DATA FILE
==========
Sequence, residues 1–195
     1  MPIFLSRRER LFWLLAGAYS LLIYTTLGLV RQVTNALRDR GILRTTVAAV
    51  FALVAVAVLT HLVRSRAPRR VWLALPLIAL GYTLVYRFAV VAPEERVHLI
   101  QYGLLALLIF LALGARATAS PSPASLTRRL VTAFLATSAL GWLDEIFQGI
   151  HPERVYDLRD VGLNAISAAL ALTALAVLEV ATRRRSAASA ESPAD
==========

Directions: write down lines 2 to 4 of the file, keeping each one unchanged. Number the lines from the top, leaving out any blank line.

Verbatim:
     1  MPIFLSRRER LFWLLAGAYS LLIYTTLGLV RQVTNALRDR GILRTTVAAV
    51  FALVAVAVLT HLVRSRAPRR VWLALPLIAL GYTLVYRFAV VAPEERVHLI
   101  QYGLLALLIF LALGARATAS PSPASLTRRL VTAFLATSAL GWLDEIFQGI